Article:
Zelensky issues fresh weapons plea after 7 killed in Russian attack on Zaporizhzhia region

Pinterest LinkedIn Tumblr

At least 7 people, including children, were killed and at least 31 injured after Russia launched a missile strike on the town of Vilniansk in Ukraine’s southern Zaporizhzhia region on Saturday, according to Ukrainian officials.

“[Today] is a day of mourning in Zaporizhzhia region for those killed in the enemy attack on Vilniansk,” Ivan Fedorov, the head of Zaporizhzhia regional military administration, said on Sunday. “There is unspeakable pain.”

Three children were among those killed and eight children were among the injured, Fedorov said.

The attack damaged critical infrastructure, as well as a retail store and residential buildings, he said Saturday. Ukraine’s Interior Minister Ihor Klymenko said trade pavilions, households and vehicles also caught fire as a result.

Speaking to the National Police, one local resident who witnessed the strike said: “It was a weekend, everyone was having a rest … it wasn’t even late, it wasn’t dark, a missile hit.”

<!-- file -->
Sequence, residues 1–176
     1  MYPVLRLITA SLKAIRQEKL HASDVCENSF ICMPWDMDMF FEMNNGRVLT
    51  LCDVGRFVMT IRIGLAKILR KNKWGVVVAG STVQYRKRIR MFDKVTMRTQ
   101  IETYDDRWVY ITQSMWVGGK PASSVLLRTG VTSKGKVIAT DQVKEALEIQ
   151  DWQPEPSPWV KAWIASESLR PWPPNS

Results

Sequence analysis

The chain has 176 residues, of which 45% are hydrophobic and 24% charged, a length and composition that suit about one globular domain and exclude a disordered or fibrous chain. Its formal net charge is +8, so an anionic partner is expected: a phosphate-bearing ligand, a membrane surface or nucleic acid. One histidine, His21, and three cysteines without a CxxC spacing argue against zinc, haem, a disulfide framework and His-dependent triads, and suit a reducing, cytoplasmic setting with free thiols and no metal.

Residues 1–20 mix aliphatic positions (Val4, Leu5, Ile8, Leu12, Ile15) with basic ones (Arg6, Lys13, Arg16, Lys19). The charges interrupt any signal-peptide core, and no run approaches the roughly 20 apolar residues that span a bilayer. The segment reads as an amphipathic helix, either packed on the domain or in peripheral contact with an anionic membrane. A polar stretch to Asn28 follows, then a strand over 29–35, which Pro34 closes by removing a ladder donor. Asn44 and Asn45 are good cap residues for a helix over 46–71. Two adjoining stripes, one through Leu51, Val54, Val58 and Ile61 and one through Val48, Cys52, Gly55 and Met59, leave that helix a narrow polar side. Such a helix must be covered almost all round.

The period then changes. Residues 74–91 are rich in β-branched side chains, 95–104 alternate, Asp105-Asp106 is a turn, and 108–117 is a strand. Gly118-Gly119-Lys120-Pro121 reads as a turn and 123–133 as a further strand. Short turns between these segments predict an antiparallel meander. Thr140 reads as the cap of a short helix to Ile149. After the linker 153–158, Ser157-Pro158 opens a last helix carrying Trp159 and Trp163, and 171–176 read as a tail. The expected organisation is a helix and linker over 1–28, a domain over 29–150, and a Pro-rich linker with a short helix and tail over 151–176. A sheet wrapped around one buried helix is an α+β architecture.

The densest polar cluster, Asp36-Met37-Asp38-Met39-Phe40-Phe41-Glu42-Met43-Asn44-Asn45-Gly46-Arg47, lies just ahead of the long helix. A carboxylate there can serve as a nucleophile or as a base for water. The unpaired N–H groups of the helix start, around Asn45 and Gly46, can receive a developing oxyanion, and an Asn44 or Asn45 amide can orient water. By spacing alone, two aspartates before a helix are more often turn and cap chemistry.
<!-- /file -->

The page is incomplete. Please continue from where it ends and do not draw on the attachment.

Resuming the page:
She continued: “Children died, children were injured. So did adults. For no reason. The children had a graduation party, they were graduating from school. They were planning their future.”

Ukrainian President Volodymyr Zelensky offered his condolences to those who lost loved ones in the attack and appealed for more long-range weapons, saying Ukraine needs “to strike with real long-range capability and to increase the number of advanced air defense systems in Ukraine.”

“I am grateful to all partners who are helping. And the decisions we need must be accelerated. Any delay in decisions in this war means losing human lives,” he wrote on Telegram.

Recent battlefield developments have seen Russia make slow but steady tactical gains along multiple fronts in Ukraine. Russia also launched a surprise cross-border assault in May.

In the Donetsk region, Russia has made advances towards Chasiv Yar as it attempts to capture the strategic hilltop town.

During its offensive Russia has been exploiting Ukraine’s weak spots including thinly stretched manpower and delays in western supplies.

As Zelensky repeats his appeals for more long-range weapons, these developments have again highlighted Ukraine’s reliance on ammunition and weapons from the United States and other allies.

Concerns have been raised over how long aid from the US will continue should former US President Donald Trump be reelected this November.

Thursday’s debate saw US President Joe Biden struggle, while Trump questioned continuing to fund Ukraine’s fight against Russia.

“We’re very concerned because we, more or less, understand what it means for Ukraine, [a] Biden presidency, and we really don’t know what it means for Ukraine, a Trump presidency. It can be very good, it can be very bad. We just don’t know. And that’s definitely concerning,” Goncharenko said.

This post appeared first on